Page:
Australian governments must work together with Aboriginal and Torres Strait Islander people and organisations to address one of the most significant human rights issues in Australia – the over-imprisonment of Aboriginal and Torres Strait Islander peoples. A new report by the Australian Law Reform Commission (ALRC) outlines clear steps that governments must take to fix inequality and discrimination in the justice system.
Shahleena Musk, Senior Lawyer at the Human Rights Law Centre, said that there must be cultural transformation of our criminal justice systems, and that Australian governments should do away with laws that discriminate against Aboriginal and Torres Strait Islander peoples.
"A person’s background should never impair their freedom or dictate how they are treated in our society. Prime Minister Turnbull and leaders around Australia should today commit to implementing the report’s recommendations, and once and for all end the harm caused by the over-imprisonment of Aboriginal and Torres Strait peoples," said Ms Musk.
The ALRC inquiry was called by the former Attorney General, George Brandis, to provide solutions to the 'national tragedy' of the over-imprisonment of Aboriginal and Torres Strait Islander peoples’ across Australia. The ALRC examined 'laws, frameworks and institutions and broader factors that contribute to this tragedy'.
Ms Musk said that the ALRC report demonstrates that our criminal justice systems are out of balance and weighted far too heavily towards locking people up.
"Right now men, women and children are being hurt by an unfair justice system – mothers are being separated from their families and communities are being torn apart by a short sighted culture of locking people up. The ALRC report lays out a clear path towards fairer and justice systems, our politicians just need the resolve to walk it," said Ms Musk
The ALRC report made 35 comprehensive recommendations, including to:
- abolish mandatory sentencing;
- stop imprisoning people for unpaid fines;
- set criminal justice targets, federally and in every state and territory;
- fix bail and sentencing laws so that a person’s cultural experience can be taken into account; and
- increase access to culturally appropriate community based alternatives.
Ms Musk said that many of the recommendations can be implemented immediately.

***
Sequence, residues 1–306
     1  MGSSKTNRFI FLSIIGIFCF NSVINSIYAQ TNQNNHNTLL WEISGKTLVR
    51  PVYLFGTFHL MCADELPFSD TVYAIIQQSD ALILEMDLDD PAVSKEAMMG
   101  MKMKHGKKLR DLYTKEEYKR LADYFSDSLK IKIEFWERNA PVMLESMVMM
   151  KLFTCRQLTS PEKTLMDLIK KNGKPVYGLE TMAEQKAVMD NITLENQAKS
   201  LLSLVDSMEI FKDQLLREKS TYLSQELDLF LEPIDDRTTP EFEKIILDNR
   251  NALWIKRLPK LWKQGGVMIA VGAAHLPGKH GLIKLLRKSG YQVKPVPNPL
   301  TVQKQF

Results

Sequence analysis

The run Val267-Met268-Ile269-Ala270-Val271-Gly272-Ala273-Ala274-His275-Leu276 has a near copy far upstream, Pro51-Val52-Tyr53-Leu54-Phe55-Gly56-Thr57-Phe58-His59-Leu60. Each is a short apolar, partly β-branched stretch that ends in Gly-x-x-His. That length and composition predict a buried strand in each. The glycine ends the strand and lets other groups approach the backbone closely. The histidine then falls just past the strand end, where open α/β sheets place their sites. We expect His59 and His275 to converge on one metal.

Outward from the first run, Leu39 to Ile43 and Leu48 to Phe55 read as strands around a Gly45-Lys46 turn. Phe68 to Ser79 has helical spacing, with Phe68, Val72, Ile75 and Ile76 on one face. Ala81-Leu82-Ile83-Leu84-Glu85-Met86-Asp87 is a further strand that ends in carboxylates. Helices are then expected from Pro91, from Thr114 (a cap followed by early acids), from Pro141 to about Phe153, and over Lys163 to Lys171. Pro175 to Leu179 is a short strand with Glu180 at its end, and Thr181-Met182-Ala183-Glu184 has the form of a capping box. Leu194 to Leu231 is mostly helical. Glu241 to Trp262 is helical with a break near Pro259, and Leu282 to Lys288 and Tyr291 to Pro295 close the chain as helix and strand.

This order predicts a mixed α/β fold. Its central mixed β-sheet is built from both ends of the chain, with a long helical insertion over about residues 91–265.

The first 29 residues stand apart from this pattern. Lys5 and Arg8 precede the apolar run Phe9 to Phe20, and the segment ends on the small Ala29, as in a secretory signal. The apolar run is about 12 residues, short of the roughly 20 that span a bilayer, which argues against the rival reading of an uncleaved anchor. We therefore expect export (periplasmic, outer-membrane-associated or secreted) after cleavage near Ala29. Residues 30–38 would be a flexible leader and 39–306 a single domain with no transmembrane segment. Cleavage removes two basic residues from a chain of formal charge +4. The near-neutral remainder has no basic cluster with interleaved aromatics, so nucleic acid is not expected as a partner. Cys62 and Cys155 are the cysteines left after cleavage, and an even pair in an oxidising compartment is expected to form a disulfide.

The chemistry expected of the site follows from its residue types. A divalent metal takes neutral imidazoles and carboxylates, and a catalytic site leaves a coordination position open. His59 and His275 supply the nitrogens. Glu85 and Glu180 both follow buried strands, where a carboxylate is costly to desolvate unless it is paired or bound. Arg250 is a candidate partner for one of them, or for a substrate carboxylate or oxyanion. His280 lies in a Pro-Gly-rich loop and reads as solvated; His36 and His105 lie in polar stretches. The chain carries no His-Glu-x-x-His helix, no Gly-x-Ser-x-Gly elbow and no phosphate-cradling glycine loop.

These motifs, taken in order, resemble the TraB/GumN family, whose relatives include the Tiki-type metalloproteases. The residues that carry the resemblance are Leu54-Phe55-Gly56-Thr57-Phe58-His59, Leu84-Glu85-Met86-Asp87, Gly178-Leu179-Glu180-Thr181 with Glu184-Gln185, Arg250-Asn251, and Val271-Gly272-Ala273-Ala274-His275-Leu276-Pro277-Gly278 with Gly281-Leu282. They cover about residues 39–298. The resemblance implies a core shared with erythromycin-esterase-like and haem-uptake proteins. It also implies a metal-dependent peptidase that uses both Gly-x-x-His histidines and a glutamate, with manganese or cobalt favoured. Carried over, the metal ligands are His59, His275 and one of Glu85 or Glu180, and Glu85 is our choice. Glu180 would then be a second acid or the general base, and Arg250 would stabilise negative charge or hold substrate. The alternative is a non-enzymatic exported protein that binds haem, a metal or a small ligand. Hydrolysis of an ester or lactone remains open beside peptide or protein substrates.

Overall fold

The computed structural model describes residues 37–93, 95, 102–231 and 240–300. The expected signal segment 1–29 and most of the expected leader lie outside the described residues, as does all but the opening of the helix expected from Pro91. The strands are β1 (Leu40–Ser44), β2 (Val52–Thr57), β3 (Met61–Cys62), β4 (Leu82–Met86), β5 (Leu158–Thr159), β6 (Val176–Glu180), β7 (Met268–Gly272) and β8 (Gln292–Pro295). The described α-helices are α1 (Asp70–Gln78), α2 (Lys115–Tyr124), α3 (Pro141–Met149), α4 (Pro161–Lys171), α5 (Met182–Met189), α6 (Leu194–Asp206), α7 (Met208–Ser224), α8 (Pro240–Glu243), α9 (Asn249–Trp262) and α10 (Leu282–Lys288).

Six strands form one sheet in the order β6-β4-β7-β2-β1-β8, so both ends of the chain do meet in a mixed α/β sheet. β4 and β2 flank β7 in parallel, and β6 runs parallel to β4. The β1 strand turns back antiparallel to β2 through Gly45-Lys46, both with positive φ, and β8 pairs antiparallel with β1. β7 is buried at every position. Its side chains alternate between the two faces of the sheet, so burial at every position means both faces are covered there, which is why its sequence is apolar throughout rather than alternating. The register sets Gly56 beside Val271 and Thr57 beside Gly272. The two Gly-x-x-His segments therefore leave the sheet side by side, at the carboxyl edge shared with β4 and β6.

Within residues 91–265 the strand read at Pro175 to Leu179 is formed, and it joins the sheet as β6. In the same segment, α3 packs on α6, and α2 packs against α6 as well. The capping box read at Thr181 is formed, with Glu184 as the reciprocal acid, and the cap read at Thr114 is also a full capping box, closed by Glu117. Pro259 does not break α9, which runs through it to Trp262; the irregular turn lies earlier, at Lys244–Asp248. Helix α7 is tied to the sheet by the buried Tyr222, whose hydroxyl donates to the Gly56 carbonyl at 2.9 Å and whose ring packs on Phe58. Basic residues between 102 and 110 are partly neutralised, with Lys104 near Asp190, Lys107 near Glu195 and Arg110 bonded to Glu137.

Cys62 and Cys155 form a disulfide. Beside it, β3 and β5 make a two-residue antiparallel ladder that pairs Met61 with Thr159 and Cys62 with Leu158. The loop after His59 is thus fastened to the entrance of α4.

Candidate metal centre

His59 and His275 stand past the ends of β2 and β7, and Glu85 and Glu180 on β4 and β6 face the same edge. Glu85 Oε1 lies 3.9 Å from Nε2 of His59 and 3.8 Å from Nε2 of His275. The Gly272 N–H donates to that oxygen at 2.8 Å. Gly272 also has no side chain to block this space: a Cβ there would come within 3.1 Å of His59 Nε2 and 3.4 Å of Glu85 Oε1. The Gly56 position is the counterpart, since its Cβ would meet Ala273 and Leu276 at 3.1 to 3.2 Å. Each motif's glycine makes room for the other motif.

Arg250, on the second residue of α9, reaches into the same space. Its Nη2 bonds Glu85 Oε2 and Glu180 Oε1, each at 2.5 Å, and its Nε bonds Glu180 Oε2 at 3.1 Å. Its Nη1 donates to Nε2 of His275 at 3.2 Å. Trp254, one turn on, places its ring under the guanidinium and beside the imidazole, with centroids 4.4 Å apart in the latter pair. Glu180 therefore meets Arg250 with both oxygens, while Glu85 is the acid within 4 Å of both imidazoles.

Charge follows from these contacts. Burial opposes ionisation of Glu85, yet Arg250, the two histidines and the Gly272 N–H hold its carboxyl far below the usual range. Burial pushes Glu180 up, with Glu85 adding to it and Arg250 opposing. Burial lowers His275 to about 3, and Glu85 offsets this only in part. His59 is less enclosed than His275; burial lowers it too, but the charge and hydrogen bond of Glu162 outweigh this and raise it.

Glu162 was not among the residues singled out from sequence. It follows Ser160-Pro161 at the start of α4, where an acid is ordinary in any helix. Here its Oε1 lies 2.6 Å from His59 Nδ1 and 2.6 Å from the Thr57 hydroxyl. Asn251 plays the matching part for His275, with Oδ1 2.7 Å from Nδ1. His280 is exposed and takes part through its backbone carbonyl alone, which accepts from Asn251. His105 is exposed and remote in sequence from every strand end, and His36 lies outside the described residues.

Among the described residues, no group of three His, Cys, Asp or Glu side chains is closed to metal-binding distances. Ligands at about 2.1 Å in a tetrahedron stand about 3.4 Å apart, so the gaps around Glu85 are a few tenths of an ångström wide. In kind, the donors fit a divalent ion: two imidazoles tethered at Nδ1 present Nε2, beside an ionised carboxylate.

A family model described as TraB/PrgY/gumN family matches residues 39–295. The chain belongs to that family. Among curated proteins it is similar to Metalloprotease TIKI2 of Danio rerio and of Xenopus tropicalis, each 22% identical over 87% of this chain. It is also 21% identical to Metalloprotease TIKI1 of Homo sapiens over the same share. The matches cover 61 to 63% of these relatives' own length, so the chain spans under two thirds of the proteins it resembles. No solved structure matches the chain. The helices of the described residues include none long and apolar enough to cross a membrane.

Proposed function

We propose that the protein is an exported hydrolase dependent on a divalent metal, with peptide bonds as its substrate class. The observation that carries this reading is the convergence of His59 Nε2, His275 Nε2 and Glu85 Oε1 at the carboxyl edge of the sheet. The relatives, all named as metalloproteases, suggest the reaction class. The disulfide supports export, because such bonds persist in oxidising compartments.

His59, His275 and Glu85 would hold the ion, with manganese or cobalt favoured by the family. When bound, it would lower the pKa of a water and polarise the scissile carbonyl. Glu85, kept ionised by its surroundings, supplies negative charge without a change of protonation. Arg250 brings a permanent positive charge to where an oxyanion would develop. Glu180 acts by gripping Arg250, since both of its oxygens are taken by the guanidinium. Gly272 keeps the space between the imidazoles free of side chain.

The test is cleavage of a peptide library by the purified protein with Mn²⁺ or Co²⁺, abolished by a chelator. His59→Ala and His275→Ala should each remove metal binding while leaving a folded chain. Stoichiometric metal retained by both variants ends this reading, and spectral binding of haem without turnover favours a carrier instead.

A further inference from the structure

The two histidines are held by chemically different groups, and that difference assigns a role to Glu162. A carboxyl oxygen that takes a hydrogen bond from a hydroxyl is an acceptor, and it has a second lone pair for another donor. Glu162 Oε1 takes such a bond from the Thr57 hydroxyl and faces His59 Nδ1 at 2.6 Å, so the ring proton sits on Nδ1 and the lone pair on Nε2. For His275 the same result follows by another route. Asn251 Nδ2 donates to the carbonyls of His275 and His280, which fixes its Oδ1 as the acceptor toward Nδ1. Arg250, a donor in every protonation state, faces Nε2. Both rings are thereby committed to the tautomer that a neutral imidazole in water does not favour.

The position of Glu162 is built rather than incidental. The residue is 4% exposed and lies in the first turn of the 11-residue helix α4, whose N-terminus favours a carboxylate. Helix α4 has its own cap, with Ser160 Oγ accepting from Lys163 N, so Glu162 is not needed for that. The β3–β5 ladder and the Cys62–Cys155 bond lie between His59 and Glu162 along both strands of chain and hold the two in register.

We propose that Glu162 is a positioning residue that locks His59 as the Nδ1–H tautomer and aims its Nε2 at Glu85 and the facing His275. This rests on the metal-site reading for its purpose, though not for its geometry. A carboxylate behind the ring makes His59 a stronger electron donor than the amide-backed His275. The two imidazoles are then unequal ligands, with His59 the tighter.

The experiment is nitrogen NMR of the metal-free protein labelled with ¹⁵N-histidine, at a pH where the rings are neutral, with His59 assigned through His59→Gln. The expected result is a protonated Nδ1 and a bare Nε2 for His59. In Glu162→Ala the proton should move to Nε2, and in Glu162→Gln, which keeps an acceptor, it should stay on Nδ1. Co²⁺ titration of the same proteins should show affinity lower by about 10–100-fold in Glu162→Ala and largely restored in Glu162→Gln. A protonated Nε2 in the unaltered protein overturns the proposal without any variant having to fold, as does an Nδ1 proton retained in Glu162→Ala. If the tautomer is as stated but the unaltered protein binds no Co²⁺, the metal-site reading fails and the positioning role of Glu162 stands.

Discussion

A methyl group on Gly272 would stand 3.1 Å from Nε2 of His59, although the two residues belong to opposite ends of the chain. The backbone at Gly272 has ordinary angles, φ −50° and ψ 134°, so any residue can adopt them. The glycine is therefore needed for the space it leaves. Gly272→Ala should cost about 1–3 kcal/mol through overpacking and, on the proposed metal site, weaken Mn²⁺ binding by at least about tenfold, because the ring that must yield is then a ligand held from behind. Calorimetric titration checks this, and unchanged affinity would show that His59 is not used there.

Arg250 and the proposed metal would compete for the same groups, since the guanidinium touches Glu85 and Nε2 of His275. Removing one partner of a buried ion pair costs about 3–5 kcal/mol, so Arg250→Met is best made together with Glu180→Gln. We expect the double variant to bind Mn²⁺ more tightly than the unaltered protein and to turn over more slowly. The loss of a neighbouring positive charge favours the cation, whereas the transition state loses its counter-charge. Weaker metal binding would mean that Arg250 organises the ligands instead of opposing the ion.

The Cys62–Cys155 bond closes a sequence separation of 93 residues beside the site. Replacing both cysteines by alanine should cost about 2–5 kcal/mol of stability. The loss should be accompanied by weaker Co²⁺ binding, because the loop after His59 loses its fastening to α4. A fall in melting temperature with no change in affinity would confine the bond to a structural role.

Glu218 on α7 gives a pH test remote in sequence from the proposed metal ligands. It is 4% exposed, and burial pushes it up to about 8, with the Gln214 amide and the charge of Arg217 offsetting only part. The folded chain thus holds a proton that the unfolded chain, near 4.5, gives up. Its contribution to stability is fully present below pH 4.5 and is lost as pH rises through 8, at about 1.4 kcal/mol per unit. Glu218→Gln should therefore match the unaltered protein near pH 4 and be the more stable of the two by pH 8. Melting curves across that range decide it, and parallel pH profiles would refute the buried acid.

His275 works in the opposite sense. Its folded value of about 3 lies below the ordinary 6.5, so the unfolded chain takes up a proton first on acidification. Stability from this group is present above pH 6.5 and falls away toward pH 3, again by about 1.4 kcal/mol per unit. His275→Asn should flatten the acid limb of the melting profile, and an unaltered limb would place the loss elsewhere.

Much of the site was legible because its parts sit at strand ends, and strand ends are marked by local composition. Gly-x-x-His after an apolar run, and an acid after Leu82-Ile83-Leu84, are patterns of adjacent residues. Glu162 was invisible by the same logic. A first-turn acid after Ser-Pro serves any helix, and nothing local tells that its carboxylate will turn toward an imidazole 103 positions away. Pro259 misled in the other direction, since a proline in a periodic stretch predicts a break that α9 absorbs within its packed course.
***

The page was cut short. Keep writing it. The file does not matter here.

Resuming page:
"There is no room for mandatory sentencing in a modern and fair justice system. Every single government in Australia can today choose to cut the number of Aboriginal and Torres Strait Islander people being forced into prison by wiping these unfair laws from their statute books," said Ms Musk.
"Four years ago, Ms Dhu, a young Yamatji woman, died in police custody because she couldn’t pay some fines. Today, politicians continue to put peoples’ lives at risk by misusing prisons and unnecessarily locking up vulnerable people. Nobody should be locked up simply because they are poor," said Ms Musk.
The Human Rights Law Centre made a submission to the ALRC inquiry, which focused on Aboriginal and Torres Strait Islander women in the criminal justice system. Women’s imprisonment rates across Australia have soared in recent years – governments are locking up Aboriginal and Torres Strait Islander women at 21 times the rate of non-Indigenous women. The majority are survivors of family and sexual violence and 80% are mothers.
"Governments around Australia continue to make decisions that are seeing vulnerable women imprisoned instead of given a helping hand. This is leading to profound upheaval – broken families, children moved into child protection, and the loss of housing and employment. We should be offering women support in the community, not locking them away in dead-end jails," said Ms Musk.
Download a copy of the HRLC submission here
Download Over-represented and overlooked: the crisis of Aboriginal and Torres Strait Islander women’s growing over-imprisonment, HRLC and Change the Record report
For interviews or further information please call:
Michelle Bennett, Director of Communications, Human Rights Law Centre, 0419 100 519